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This article has been reprinted with the permission of Web Design Relief.  Whether you’re just starting out or a best-selling author, Web Design Relief will improve your existing website or build you an affordable, custom author website to support your author platform, boost your online presence, and act as a hub for your social media outreach. Web Design Relief is a division of Writer’s Relief, a highly recommended author’s submission service. Sign up for their free e-publication for writers, Submit Write Now! Visit the site today to learn more.

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Did you know that every website needs regular care and housekeeping? So unless you have a fairy godmother or can sing well enough to inspire woodland creatures to assist you with your chores, you should keep a virtual broom and wrench handy. Even the most meticulous author website design may experience issues that arise over time: Links break, information becomes obsolete, plugins stop working, etc. Thankfully, the most common mistakes writers make on their author websites have easy fixes!

Check out these website blunders and Web Design Relief’s tips on how to fix them without IT support intervention.

5 Easy-To-Fix Common Website Mistakes

Broken images: Uh-oh, has your beautiful photo been replaced by a sad face or what looks like a torn piece of paper? This means that the file containing the image may have been corrupted. But this can be fixed simply by re-uploading your photo to your author website or installing a handy plugin to solve the problem for you!

Typos: Some of the most damaging mistakes on an author website are typos, grammar mishaps, and incorrect punctuation. After all, you’re a writer—you’re held to a higher standard of web content than your online neighbors. Typos and grammar gaffes on your website may cause visitors to question your writing skills in general.

And you can’t count on website building elements to alert you to typos; they don’t feature spellcheck like word processing programs do. Thorough, expert proofreading is the solution to this common mistake and can ensure that your author website is up to professional standards.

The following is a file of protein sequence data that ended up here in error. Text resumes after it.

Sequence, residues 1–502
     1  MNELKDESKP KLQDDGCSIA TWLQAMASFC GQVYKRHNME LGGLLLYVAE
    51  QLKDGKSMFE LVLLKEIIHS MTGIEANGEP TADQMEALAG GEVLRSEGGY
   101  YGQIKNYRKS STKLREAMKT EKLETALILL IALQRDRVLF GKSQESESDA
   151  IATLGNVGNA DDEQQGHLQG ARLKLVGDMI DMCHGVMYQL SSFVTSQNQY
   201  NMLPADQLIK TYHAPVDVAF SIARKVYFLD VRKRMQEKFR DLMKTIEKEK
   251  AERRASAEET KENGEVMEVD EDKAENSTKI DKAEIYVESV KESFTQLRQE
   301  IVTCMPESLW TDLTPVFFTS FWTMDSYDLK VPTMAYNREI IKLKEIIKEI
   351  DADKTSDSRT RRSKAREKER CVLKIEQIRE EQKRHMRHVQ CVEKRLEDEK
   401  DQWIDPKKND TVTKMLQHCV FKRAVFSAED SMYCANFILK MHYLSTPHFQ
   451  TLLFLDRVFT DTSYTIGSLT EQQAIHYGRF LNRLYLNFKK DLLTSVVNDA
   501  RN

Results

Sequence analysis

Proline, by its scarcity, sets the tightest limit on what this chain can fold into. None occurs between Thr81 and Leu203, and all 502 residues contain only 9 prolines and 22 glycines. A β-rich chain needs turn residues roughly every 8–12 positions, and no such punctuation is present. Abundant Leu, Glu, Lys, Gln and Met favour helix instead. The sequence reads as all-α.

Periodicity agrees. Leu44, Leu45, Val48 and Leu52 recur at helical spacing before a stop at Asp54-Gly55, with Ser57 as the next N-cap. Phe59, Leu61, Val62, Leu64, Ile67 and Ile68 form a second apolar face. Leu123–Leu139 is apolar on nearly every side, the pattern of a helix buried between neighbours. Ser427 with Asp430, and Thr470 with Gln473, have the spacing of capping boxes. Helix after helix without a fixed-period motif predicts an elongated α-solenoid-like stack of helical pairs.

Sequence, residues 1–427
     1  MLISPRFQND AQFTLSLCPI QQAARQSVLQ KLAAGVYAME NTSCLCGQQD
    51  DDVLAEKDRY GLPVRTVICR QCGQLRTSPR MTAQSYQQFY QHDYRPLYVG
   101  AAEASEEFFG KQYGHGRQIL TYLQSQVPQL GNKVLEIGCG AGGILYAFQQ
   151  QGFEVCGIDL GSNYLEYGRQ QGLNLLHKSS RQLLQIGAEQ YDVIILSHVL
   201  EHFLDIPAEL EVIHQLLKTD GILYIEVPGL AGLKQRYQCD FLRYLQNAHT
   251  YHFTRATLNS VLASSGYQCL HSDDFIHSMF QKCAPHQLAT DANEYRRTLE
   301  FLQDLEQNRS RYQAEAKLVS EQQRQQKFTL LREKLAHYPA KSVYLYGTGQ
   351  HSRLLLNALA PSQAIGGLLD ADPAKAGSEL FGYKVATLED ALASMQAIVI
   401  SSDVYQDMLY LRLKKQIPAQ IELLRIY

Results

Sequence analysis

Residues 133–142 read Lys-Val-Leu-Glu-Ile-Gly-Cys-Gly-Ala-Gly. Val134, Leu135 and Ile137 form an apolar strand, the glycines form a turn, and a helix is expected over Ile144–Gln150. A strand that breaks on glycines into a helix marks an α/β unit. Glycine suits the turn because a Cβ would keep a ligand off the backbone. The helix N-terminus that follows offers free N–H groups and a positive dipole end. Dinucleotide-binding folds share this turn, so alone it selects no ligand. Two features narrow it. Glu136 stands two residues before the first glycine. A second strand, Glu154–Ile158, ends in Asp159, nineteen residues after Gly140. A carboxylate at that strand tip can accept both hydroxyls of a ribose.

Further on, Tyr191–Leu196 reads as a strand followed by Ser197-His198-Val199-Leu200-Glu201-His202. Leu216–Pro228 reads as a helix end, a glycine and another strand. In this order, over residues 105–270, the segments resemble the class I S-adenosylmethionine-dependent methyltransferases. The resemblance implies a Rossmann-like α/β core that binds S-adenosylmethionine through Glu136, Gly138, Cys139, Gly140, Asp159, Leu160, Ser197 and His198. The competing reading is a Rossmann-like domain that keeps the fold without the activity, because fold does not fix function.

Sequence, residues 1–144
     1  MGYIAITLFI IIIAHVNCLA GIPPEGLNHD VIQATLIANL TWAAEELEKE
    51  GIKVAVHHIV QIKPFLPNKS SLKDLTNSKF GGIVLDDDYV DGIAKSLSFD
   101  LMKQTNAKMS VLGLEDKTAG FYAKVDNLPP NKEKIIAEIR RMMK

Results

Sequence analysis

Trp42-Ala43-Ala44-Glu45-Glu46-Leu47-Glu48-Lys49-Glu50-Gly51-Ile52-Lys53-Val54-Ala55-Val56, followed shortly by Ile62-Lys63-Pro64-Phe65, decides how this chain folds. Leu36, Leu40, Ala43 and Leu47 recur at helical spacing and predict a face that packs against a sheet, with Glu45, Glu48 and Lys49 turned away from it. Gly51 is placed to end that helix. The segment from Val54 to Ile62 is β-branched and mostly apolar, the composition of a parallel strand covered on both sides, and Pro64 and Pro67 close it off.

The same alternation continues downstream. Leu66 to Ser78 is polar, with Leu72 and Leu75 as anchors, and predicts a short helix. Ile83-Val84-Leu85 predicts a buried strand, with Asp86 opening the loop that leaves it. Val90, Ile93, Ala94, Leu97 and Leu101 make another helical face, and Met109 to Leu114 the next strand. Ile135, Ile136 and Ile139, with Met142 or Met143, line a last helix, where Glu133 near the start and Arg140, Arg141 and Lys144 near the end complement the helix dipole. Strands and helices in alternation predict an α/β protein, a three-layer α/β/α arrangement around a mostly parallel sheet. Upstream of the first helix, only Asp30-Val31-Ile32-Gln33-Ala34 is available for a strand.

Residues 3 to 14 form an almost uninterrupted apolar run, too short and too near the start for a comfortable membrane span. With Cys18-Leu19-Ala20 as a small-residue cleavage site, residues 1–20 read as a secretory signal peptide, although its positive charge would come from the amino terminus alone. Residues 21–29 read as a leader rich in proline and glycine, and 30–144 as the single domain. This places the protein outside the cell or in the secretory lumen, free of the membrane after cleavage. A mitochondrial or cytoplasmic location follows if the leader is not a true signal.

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Dead Links: Is there anything more frustrating than a link that leads nowhere? If the hyperlinks you have included on your website are no longer active, your site will look abandoned and poorly maintained. Worst-case scenario—improper use of links can even get your site banned.

Fortunately, reviving dead links is easy! If a website has a new web address, simply update your link with the new URL. If the site you are linking to no longer exists, remove the link altogether or find another source. And remember to check your hyperlinks often to make sure you aren’t letting dead links lurk on your website!

Slow Response Times: Does your website take a long time to load? Having too many elements running can cause lagging. Download time is an overlooked issue on many author websites. And if your website is taking too long to load, visitors will bounce off your site.

To fix a lagging website, reevaluate what you really need on your web pages and what is simply clogging up response times. For example: There is no need to have images larger than 1500px, so you may want to resize large photos so that they do not take up so much space. However, don’t lose the resolution—make sure your photos have at least 300 dpi (dots per inch). Another tip: Instead of uploading videos directly to your website, upload them to an external website like YouTube and then embed them on your site to save space!